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August 19, 2008
Taiwan lobbies Asean for dialogue partner status

August 10, 2008
Intellectual Property Rights:
US urged to adjust 'priority' ranking

August 9, 2008
Vietnam accused of dumping mattress inner-spring units in US

July 27, 2008
EU not consistent with its flight ban: Indonesian ministry

June 14, 2008
GSP for footwear exports to end soon

May 10, 2008
Flexible approach to drive FTA negotiations

April 28, 2008
Thailand 'disappointed' at US priority watch list rating

August 11, 2008
Philippines’ central bank sees measures bear fruit

August 8, 2008
Philippines’ end-July reserves close to forecast

August 6, 2008
Philippine inflation soars to almost 17-yr high

July 30, 2008
Philippines: Govt to propose $32bn in spending for 2009

May 30, 2008
Q1 growth falls to 5.2%

August 17, 2008
Vietnam vows to cut inflation 

August 3, 2008
Vietnam: Inflation triggers workers strike

July 25, 2008
Vietnam: Inflation hits 27%, exports boom

July 24, 2008
Vietnam : Petrol price hike may trigger domino effect 

July 21, 2008
Vietnam: Loan rate cuts may not help lift business sentiment – analysts

July 9, 2008
Vietnam assures steady prices to keep inflation at bay 

June 29, 2008
Asian countries under test in face of inflation

June 28, 2008
Vietnam: Not applying for IMF loan programme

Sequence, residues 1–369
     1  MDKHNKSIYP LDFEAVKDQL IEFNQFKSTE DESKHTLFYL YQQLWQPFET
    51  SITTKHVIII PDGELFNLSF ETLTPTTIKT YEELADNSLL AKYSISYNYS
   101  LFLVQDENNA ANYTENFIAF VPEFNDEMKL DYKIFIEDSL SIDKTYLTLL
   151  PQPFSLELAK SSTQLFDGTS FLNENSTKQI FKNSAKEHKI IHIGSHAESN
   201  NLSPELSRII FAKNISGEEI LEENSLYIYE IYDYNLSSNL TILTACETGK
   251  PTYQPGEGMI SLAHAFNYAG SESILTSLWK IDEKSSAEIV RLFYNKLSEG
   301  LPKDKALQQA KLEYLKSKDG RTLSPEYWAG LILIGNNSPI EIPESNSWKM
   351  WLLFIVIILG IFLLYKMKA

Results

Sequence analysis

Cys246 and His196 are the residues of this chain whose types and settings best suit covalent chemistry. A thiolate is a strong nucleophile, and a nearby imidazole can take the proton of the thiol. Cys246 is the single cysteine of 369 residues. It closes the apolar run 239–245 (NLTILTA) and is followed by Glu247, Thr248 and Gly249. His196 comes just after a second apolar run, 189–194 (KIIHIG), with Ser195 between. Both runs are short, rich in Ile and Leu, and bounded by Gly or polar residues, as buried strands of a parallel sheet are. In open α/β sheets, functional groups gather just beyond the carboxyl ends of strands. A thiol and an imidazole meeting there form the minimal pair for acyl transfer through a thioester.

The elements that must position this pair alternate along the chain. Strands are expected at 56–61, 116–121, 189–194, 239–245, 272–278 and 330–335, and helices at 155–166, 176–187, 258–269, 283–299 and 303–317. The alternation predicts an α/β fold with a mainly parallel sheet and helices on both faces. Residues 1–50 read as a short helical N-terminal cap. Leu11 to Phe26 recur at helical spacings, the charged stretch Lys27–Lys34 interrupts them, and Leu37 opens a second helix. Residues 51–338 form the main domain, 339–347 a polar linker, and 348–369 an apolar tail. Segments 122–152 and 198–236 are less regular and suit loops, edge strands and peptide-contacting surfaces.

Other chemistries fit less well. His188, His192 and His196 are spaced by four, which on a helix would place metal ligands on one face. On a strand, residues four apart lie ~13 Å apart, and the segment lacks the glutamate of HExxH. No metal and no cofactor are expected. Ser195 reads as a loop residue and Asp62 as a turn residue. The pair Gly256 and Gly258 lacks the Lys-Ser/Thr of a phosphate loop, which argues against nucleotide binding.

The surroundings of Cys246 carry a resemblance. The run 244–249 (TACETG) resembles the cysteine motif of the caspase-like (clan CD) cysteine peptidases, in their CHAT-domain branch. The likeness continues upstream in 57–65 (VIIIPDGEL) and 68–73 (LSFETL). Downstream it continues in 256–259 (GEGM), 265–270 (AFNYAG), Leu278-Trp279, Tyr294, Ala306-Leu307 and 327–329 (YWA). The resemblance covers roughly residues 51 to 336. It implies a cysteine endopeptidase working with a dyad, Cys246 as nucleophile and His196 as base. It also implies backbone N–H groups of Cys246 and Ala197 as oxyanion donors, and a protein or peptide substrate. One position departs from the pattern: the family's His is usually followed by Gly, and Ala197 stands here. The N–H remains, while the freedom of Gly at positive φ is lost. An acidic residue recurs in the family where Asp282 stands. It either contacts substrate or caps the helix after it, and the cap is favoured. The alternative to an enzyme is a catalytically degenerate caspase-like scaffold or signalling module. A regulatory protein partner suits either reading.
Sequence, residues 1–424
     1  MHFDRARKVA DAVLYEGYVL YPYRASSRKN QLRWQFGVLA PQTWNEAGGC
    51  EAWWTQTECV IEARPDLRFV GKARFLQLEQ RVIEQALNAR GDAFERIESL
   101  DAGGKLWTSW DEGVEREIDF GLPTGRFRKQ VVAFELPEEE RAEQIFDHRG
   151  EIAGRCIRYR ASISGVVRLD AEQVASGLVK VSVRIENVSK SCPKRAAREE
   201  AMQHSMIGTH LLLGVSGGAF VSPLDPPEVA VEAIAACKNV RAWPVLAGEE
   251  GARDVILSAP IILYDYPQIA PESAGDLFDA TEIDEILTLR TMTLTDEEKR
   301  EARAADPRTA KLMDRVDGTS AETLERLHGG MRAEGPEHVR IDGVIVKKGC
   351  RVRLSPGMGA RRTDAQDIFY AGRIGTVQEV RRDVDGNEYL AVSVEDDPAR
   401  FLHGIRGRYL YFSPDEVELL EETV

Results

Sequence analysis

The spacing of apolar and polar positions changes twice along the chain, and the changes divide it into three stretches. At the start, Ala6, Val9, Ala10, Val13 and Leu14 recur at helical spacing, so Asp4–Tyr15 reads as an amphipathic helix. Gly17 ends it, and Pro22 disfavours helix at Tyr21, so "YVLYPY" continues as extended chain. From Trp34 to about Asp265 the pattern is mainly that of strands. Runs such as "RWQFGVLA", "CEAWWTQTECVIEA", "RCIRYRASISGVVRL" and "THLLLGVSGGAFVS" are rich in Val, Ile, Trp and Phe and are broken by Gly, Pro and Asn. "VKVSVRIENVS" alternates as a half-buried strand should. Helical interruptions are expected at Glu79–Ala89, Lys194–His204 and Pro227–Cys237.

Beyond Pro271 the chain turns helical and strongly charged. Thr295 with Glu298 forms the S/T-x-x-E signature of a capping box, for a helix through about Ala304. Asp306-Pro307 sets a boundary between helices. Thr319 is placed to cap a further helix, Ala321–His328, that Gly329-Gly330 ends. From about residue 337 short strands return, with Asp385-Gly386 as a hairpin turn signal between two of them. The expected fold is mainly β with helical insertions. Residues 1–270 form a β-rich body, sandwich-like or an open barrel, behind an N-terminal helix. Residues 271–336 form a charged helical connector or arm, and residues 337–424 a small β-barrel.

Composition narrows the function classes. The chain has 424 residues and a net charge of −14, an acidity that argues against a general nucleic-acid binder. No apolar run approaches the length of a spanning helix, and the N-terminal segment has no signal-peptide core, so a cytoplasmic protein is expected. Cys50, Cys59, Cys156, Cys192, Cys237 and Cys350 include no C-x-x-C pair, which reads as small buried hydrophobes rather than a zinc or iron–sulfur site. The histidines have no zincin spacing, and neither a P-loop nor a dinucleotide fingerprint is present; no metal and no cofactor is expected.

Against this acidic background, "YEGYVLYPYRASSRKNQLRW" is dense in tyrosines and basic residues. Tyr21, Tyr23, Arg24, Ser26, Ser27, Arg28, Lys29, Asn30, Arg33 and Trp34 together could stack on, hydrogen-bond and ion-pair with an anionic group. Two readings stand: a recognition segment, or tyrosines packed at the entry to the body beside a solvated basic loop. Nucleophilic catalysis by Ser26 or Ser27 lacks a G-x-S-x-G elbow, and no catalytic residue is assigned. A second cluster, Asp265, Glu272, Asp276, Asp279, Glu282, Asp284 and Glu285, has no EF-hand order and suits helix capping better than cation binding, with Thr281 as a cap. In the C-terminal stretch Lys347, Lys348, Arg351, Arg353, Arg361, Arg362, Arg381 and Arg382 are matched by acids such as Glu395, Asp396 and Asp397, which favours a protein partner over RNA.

June 25, 2008
IMF: Little risk of contagion from Vietnam woes 

June 8, 2008
Analysts fear worst-case scenario

June 7, 2008
Govt asked to tighten policy to fix 'overheating' economy

April 26, 2008
Inflation surges 17% in Jan-April 2008

April 5, 2008
Group vows to be vigilant' on inflation

Emerging MarketsTaking on

August 18, 2008
Thailand, Cambodia to meet on border dispute

August 14, 2008
Cambodia rejects Thai claim over border temples

August 7, 2008
Thai-Cambodia troops withdraw from second disputed temple
Cambodia eyes peaceful solution with Thailand

August 6, 2008
Thai cabinet approves cut of troops near disputed temple

August 5, 2008
Thailand asks Cambodia to pull out from second temple

August 4, 2008
Thailand, Cambodia lay claims over second disputed ruin

August 2, 2008
Cambodian PM’s wife chairs ceremony at disputed temple

August 1, 2008
Thai-Cambodia border dispute:
Withdrawal dates still unknown Thai FM

Destination Thailand: The Floating Market
Destination Cambodia: Angkor Wat  


August 19, 2008

Philippines cuts 2008 growth goal to 5.5-6.4 pct

Tue Aug 19, 2008
MANILA, Aug 19 (Reuters) - The Philippines has cut its 2008 growth target to 5.5-6.4 percent from an earlier 5.7-6.6 percent range due to the likely negative impact of higher inflation on consumption, a senior government official said on Tuesday.

The Southeast Asian nation has revised down this year's economic growth target at least twice this year as it continues to assess the impact of weaker demand from its main trading partners and high food and fuel costs on the economy.

The latest revision, made earlier this month, followed an upward adjustment by the central bank of its 2008 inflation forecast to 9-11 percent from 7-9 percent, said Undersecretary Gil Beltran at the Department of Finance.

In June, the International Monetary Fund said it had cut its 2008 gross domestic product growth forecast for the Philippines to 5.2 percent from 5.8 percent due to slowing external demand and softening consumption.

The Asian Development Bank was more optimistic and predicted last month that the Philippine economy would grow 5.5 percent this year with the help of healthy domestic demand.